Rotary Air Force, of Saskatchewan, Canada, has manufactured Gyroplanes since 1970. A Gyroplane is an experimental, ultra-light aircraft with its lift and drive provided by a free-wheeling rotor system. Technically, it’s not a helicopter, as the craft requires a minimum of 50 feet for a runway. Gyroplane kits are sold in the U.S. for use in crop dusting, cattle control and pleasure.
“We build aircraft and, of course, everything we build has got to be right on the money. It’s got to be right; somebody’s life is depending on it,” said Shane Seitz, manufacturing manager of Rotary Air Force.
At the beginning of 1994, the company decided to upgrade their manual machining operations to CNC. The objective was to increase productivity and quality, while decreasing cycle times and the time it takes to complete prototypes. A dozen machining centers were evaluated over a four-month period. In July 1995, the company purchased a Haas VF-3 machining center.
The VF-3 weighs 12,500 lbs. and has travels of 40″ x 20″ x 25″ (xyz). It has a 15-hp motor, geared head, heavy-duty water-cooled spindle, speeds up to 10,000 rpm, and a 20-pocket electronic tool changer. The high-speed, dual 32-bit Fanuc™ compatible control is also built by Haas.
“We were a manual machine shop transferring all our machining operations to CNC,” Seitz said. “The VF-3 has a nice control that’s really simple to use. You know the control is simple when the guys you’re training pick up on it fast,” he said. “The VF-3 has all the power and spindle rpm we need, and it gives us the most bang for the buck.”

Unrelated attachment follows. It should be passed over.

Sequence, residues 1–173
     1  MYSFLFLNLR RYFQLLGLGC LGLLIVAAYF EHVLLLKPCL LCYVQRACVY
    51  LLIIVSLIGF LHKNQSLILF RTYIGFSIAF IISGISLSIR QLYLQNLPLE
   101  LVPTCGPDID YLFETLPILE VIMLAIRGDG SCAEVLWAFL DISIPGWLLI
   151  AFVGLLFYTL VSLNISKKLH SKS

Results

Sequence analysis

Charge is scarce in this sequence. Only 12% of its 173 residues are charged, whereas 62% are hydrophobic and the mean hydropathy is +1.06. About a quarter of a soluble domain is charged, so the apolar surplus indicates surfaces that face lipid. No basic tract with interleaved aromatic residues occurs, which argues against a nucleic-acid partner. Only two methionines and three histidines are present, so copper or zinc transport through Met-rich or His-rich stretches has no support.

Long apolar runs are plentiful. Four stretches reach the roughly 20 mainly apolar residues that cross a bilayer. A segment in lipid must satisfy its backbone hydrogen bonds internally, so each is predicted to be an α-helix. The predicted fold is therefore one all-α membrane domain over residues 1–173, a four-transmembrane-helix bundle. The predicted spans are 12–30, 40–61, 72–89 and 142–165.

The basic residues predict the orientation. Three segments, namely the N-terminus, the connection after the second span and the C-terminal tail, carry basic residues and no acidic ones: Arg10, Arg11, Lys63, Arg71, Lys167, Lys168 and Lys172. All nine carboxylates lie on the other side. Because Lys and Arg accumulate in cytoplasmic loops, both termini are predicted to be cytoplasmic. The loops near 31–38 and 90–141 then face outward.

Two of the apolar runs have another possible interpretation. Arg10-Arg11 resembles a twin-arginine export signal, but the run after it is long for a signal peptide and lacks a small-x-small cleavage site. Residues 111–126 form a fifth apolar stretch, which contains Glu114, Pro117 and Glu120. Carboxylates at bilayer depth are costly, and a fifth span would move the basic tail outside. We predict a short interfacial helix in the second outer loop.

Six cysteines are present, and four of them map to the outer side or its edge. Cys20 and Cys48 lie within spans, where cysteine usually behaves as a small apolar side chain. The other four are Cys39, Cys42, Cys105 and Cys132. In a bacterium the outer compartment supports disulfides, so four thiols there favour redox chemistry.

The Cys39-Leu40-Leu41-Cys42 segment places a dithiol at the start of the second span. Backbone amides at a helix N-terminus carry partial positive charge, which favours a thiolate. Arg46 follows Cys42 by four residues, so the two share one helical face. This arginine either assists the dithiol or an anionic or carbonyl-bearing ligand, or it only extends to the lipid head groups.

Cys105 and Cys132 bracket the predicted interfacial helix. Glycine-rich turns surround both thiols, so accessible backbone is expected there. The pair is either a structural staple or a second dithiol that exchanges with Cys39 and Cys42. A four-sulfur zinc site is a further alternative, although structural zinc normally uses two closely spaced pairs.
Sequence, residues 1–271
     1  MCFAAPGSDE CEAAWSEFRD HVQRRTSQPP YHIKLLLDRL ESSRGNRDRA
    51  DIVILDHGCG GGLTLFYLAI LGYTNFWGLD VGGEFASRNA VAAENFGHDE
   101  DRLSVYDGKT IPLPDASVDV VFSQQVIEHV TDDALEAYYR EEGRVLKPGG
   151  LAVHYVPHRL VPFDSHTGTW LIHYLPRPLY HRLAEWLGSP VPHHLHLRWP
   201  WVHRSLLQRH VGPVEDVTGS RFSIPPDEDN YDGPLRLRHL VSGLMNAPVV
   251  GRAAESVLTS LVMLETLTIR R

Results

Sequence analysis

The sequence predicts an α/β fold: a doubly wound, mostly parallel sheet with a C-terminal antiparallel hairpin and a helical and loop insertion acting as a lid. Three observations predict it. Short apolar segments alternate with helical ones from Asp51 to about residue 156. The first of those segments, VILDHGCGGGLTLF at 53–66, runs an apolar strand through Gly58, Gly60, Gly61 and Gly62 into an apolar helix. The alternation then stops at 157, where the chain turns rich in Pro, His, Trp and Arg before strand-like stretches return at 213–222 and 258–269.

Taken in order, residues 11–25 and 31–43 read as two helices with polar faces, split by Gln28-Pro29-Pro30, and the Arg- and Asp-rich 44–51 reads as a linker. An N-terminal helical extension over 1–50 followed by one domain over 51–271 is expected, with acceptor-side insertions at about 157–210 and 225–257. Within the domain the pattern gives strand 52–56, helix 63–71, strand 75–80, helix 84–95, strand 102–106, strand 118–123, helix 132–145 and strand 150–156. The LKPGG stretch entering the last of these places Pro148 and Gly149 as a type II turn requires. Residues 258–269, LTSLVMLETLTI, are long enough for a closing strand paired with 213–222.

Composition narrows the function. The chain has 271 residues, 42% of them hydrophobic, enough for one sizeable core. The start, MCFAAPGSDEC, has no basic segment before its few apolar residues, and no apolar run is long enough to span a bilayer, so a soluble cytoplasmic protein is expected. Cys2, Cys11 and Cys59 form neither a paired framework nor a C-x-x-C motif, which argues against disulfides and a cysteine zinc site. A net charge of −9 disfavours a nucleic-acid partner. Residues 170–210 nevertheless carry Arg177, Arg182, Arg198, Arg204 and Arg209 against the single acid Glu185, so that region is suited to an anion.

Advanced OneTouch™ features on the Haas-built control save training and production time. For example, Haas OneTouch™ power-up turns the power on, homes all axes, picks up the #1 tool and loads it into the spindle, so the machine is ready to make chips. Tool-length setup stores offsets for 50 different tools (new VF-3’s store 100 offsets), and can be programmed with either radius or diameter, whichever the operator is most familiar with. Work coordinate offsets are loaded automatically with one button after touching-off the part. OneTouch ™ tool offset sets tool length offsets with one button, and another button loads the next tool automatically for offset measurement.